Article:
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2023 Bookish Books Reading Challenge

My Progress:

9 / 30 books. 30% done!

2023 Literary Escapes Challenge

- Alabama (1)
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My Progress:

27 / 51 books. 53% done!

2023 Historical Fiction Reading Challenge

My Progress:

20 / 25 books. 80% done!

2023 POPSUGAR Reading Challenge

32 / 50 books. 64% done!

Booklist Queen's 2023 Reading Challenge

My Progress:

37 / 52 books. 71% done!

2023 52 Club Reading Challenge

My Progress:

41 / 52 books. 79% done!

2023 Build Your Library Reading Challenge

My Progress:

27 / 40 books. 68% done!

2023 Pioneer Book Reading Challenge

16 / 40 books. 40% done!

2023 Craving for Cozies Reading Challenge

My Progress:

9 / 25 books. 36% done!

2023 Medical Examiner's Mystery Reading Challenge

Book Bingo Reading Challenge

19 / 25 books. 76% done!

2023 Pick Your Poison Reading Challenge

My Progress:

58 / 109 books. 53% done!

Children's Book Reading Challenge...For Adults!

Saturday, September 21, 2019

Mystery/Courtroom Drama Intriguing, But Still Just an Okay Read for Me

(Image from Barnes & Noble)

Not everyone is on board with the idea of hyperbaric oxygen therapy (HBOT), but that's the business Pak and Young Yoo run out of their garage.  Using a submarine-like chamber, the Korean immigrants offer the treatment to patients suffering from everything from infertility to cerebral palsy to autism.  While some tout the miraculous healing power of pressurized oxygen, others are skeptical, while still others will stop at nothing to get the Yoos' operation shut down.  When their "Miracle Submarine" explodes, killing two people and leaving Pak paralyzed, the Yoos become the center of a fierce legal battle to determine who was at fault.     

As the trial progresses, revealing ugly secrets about everyone involved, it provides more questions than answers.  How did the explosion happen?  Was it an accident or the result of the Yoos' negligence?  Did someone purposely rig the submarine to explode?  If so, who?  And why?  Did the Yoos do it in order to collect the insurance money needed to send their daughter to college?  Were the protestors on-site that day desperate enough to risk people's lives to prove their point?  Or was it Elizabeth Ward, the exhausted mother of a little boy with too many problems, trying to put them both out of their misery?  At the heart of the matter is one very big question:  How far will parents go to save their children?  When the truth finally comes out, it will shock everyone, changing lives forever.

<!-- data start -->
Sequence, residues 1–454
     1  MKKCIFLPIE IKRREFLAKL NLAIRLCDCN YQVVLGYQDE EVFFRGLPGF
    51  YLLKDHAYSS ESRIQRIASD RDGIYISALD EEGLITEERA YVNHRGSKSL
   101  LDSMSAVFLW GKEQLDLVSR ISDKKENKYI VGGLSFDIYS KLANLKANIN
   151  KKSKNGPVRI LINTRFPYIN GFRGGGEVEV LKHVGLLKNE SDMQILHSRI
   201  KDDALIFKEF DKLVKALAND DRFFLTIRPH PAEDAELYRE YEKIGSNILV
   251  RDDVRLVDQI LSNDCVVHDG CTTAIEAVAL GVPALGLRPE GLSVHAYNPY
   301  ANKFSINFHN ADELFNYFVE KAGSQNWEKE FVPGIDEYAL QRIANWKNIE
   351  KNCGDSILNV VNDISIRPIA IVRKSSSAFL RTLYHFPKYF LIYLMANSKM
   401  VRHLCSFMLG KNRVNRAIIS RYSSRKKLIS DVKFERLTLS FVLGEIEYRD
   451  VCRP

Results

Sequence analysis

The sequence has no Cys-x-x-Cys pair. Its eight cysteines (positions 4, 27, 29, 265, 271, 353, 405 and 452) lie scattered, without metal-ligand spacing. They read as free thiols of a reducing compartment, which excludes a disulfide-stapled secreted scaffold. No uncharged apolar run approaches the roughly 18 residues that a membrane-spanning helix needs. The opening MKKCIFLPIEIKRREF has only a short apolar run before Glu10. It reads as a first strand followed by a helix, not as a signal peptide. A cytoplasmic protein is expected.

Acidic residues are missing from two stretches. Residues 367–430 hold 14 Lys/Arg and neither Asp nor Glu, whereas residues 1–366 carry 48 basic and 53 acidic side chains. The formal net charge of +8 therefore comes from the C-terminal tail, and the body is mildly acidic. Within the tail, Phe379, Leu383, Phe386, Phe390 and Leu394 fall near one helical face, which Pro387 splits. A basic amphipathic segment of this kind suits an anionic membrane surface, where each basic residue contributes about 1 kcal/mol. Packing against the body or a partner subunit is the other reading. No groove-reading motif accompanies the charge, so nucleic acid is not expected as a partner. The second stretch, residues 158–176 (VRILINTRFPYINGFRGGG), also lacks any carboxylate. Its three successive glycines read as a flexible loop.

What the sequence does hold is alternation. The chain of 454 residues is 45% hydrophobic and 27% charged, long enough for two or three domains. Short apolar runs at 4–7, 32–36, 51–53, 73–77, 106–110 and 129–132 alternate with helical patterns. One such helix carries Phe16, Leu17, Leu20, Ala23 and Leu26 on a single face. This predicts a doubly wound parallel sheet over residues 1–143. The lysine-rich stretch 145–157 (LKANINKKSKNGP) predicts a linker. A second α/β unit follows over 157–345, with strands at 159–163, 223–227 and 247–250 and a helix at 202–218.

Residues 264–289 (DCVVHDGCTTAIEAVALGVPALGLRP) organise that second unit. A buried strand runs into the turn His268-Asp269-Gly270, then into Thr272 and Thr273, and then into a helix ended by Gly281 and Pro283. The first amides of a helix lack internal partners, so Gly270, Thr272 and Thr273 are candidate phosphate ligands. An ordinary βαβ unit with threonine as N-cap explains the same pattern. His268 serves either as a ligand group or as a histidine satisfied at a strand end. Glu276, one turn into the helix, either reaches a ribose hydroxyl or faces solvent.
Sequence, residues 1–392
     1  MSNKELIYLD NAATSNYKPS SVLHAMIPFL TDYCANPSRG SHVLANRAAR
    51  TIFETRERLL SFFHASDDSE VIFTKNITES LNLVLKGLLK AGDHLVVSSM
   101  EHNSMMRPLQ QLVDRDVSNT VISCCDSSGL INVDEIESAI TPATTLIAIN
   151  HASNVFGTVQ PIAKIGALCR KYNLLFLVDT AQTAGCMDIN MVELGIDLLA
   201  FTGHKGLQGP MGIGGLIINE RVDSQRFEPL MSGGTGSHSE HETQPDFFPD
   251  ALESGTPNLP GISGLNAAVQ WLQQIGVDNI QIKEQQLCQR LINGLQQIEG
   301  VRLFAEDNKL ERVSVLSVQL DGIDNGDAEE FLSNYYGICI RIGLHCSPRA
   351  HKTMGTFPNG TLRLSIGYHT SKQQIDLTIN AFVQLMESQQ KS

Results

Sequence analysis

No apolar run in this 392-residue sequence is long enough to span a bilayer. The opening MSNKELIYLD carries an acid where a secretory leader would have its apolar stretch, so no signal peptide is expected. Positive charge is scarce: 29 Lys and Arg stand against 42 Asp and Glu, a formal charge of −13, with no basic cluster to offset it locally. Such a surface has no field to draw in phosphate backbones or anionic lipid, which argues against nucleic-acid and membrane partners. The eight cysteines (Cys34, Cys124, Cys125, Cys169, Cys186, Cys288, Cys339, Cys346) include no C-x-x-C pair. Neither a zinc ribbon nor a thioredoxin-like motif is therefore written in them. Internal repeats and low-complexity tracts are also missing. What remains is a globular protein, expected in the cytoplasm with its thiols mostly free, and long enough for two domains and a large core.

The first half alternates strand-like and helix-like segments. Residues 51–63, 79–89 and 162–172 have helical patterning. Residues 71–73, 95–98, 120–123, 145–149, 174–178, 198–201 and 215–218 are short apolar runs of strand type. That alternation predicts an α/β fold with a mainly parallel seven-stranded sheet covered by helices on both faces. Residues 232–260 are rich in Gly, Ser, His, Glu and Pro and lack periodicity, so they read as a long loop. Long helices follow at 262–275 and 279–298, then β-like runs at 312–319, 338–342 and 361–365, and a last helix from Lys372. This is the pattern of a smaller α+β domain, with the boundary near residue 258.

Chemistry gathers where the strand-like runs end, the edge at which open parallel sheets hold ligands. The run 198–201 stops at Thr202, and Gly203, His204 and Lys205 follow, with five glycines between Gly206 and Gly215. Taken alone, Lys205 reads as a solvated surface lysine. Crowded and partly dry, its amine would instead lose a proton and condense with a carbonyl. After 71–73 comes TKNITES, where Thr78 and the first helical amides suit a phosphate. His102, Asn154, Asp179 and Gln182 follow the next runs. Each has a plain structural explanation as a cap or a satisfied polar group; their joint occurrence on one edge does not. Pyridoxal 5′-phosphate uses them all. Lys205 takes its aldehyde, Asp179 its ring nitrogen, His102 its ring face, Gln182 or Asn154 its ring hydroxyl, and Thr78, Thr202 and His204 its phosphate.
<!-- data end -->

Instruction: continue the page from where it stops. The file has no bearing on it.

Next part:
Miracle Creek, a debut by Angie Kim, is an absorbing novel that examines some very intriguing questions.  It's depressing as can be, but also compelling and thought-provoking.  Most of the characters are empathetic if not exactly likable; it's their stories that really bring the novel to life.  Parents, especially those of children with disabilities, will identify with characters like Elizabeth Ward, Teresa Santiago, and Kitt Kozlowski—all of whom are fervently seeking ways to deal with kids with severe challenges.  Readers may not agree with their individual choices, but they can at least understand the motivations that propel them.  In the end, while I found Miracle Creek engrossing and its storyline interesting, it turned out to be just an okay read for me.  I liked it, didn't love it.

(Readalikes:  Reminds me of novels by Celeste Ng)


If this were a movie, it would be rated:

for strong language, violence, blood/gore, sexual content, and disturbing subject matter

To the FTC, with love:  I bought a copy of Miracle Creek from Amazon with a portion of the millions I make from my lucrative career as a book blogger.  Ha ha.
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Zero Days by Ruth Ware


Counterfeit by Kirstin Chen

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